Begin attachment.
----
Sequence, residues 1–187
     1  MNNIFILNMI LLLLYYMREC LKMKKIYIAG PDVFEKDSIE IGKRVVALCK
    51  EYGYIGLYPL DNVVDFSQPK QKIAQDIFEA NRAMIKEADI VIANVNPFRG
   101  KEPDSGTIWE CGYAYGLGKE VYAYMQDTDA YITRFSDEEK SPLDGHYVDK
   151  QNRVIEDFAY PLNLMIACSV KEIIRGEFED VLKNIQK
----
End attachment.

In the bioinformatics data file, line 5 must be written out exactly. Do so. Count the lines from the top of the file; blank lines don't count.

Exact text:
   151  QNRVIEDFAY PLNLMIACSV KEIIRGEFED VLKNIQK